Plaque   

The Waterloo Way - Grosvenor Square

The Waterloo Way - Grosvenor Square The Waterloo Way - Grosvenor Square

Erection date: 21/6/2015

Inscription

{In a small circle at the top:}
The New Waterloo Dispatch, 1815 - 2015

The Waterloo Way, 44 Grosvenor Square
On Sunday 18th June 1815 the allied armies under the command of the Duke of Wellington defeated Napoleon Boneparte's army at the Battle of Waterloo, eight miles south of Brussels in Belgium. This victory was a defining moment in European history.
The first official news of the victory in Britain was announced here on 21st June 1815.
The official dispatch was carried to England by the Honourabe Major Henry Percy, 14th Light Dragoons, an aide de camp to the Duke of Wellington. He travelled by post chaise from Brussels to Ostend where he embarked in His Majesty's Ship Peruvian for England. Landing at Broadstairs he travelled by post chaise to London and delivered the Duke of Wellington's dispatch to the Prime Minister, the Earl of Liverpool, and Secretary of State for War, the Earl of Bathurst, who were dining with the Cabinet at 44 Grosvenor Square, then the home of the Earl of Harrowby, Lord President of the Council.

Broadstairs ¦ Sarre ¦ Canterbury ¦ Faversham ¦ Sittingbourne ¦ Rochester ¦ Dartford ¦ Grosvenor Square ¦ St James's Square 

Unveiled by the Duke of Westminster KG, CB, CVO, OBE, TD, CD, DL On 21 June 2015 to inaugurate The Waterloo Way from Brussels to London and in honour of all those who fought at Waterloo on 18 June 1815.

This is a small plaque, rather cheap-looking, in contrast to the substantial well-polished brass plaque on the other side of the lobby instructing customers where to go to get a taxi.

Site: The Waterloo Way - Grosvenor Square (1 memorial)

W1, Grosvenor Square, 44, Millennium Hotel

We took our photo from the garden side of the Diplomatic Gates. The plaque is in the lobby, where the lady in the red coat seems to be going.

We wonder if Wednesday cabinet dinners at the Harrowbys' were regular events because a few years later the Cato Street conspirators plotted to murder the whole cabinet, as they dined here on another Wednesday.

Built c. 1727, in 1815 the house on this site, numbered 39 at the time (renumbered as 44 in 1888) was the home of Lord Harrowby. British History Online have a quite detailed history of the house, referring to this plate of the frontage and to this splendid mural, now at the V&A. The house was demolished in 1967-8 and replaced. What?! That classical facade was erected in the 1960s? Yep, Wikipedia confirms this and gives the architect as the modernist Richard Seifert. Its back elevation on Adam's Row, and presumably all the interior, is more Seifert's style.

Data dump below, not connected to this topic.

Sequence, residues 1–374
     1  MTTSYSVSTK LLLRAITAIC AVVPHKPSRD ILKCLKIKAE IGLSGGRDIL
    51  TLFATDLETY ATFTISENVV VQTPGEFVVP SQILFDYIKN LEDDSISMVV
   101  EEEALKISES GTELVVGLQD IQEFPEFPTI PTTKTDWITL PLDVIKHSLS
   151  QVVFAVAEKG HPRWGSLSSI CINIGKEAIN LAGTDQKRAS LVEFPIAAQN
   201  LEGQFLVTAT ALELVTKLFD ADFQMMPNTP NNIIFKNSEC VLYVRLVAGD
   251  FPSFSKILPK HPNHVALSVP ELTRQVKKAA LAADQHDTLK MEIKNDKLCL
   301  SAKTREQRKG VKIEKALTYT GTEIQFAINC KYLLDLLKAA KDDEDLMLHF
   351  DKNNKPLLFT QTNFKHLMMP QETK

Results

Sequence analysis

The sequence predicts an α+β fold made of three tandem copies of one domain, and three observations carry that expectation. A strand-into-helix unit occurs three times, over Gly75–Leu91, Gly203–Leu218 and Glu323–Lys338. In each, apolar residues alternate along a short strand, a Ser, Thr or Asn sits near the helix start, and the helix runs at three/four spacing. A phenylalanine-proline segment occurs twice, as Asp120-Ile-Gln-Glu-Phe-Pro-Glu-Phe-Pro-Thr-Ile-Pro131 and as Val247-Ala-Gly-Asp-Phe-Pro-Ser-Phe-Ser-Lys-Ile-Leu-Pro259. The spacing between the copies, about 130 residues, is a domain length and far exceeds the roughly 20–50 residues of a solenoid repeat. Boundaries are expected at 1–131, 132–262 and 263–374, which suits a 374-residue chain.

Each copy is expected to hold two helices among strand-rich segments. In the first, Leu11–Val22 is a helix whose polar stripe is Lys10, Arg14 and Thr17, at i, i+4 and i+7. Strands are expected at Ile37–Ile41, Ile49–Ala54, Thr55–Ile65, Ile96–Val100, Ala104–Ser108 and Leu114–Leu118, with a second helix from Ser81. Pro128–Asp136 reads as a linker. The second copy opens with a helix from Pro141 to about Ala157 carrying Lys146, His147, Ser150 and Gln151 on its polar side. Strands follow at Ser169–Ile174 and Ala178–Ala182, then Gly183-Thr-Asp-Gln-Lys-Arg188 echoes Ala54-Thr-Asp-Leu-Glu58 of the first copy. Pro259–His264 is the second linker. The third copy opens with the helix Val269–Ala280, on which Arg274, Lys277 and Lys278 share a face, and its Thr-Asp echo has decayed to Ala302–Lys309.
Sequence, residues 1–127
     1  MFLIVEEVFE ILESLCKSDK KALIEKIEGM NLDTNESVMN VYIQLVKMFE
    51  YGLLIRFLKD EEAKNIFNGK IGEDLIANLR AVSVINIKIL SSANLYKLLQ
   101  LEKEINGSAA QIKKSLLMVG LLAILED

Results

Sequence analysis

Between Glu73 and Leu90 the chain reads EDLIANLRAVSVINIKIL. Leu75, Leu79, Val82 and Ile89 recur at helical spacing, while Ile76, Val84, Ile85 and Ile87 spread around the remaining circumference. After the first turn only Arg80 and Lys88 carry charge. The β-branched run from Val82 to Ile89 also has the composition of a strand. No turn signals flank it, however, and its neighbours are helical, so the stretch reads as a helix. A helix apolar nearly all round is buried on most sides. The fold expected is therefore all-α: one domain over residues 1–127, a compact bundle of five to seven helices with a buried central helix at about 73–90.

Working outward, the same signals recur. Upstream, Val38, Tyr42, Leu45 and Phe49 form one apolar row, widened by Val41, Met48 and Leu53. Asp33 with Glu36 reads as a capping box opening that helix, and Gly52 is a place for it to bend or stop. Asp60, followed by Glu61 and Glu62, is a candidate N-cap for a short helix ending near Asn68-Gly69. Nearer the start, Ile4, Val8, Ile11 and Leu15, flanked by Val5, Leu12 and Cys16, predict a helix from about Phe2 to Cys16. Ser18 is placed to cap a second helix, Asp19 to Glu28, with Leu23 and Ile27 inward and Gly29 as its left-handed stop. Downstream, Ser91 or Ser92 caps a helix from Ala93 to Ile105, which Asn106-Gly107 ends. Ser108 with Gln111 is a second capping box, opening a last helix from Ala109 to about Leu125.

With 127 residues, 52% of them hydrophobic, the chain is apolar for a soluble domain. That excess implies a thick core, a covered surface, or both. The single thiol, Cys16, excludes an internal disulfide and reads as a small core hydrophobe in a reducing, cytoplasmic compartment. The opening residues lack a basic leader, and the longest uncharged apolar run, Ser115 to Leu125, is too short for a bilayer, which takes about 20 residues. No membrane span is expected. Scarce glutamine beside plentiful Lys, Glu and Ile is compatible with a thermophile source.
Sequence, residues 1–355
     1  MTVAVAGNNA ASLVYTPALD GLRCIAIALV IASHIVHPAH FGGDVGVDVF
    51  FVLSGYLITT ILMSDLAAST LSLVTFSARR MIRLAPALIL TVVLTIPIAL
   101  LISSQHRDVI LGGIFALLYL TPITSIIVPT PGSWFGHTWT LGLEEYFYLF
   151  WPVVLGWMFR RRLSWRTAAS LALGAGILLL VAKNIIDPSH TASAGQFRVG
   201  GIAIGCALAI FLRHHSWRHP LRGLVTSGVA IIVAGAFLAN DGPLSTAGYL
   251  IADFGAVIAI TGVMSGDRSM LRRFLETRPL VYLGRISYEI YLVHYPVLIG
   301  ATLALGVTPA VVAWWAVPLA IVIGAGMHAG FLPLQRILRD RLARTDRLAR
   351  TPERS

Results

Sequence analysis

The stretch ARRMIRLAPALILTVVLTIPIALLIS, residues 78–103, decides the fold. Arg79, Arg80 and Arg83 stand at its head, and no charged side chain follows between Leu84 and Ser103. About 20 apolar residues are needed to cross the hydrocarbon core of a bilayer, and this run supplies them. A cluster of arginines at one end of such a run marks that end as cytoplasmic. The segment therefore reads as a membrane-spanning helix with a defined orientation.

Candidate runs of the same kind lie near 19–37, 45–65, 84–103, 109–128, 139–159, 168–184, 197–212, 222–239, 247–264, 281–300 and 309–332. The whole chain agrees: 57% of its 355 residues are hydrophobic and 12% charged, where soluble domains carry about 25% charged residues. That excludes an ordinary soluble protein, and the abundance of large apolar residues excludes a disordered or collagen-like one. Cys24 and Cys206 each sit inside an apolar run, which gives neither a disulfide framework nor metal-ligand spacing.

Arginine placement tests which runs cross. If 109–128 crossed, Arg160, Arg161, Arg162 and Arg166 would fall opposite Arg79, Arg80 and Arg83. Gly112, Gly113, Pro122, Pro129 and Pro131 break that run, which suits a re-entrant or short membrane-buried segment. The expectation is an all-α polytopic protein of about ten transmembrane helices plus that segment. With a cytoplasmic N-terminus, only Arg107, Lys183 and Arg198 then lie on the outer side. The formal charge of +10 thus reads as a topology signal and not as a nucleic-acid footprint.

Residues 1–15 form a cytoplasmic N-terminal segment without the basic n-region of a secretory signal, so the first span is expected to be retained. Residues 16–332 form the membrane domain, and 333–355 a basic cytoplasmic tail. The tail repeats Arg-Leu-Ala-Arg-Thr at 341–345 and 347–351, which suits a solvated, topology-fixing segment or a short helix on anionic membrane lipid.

See the Waterloo Way for the story of the Dispatch.

This section lists the subjects commemorated on the memorial on this page:
The Waterloo Way - Grosvenor Square

Subjects commemorated Information

Battle of Waterloo

Just like a Hollywood movie that doesn't know when to end, Napoleon escaped f...

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members of the Allied armies who died in Battle of Waterloo

Our picture comes from Londonist's review of an exhibition of the photographs...

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Henry Bathurst, 3rd Earl Bathurst

Prime Minister 1827-1828. Secretary of State for War and the Colonies 1812-18...

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Napoleon Bonaparte

Military and political leader. Born at Ajaccio, Corsica. He trained as an off...

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Dudley Ryder, 1st Earl of Harrowby

Politician. Born in the Hanover Square area. Good friend of Pitt the Younger,...

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Show all 9

This section lists the subjects who helped to create/erect the memorial on this page:
The Waterloo Way - Grosvenor Square

Created by Information

Duke of Westminster, 6th, Gerald Cavendish Grosvenor

Born Omagh, N. Ireland. Extremely rich landowner, possessing vast chunks of L...

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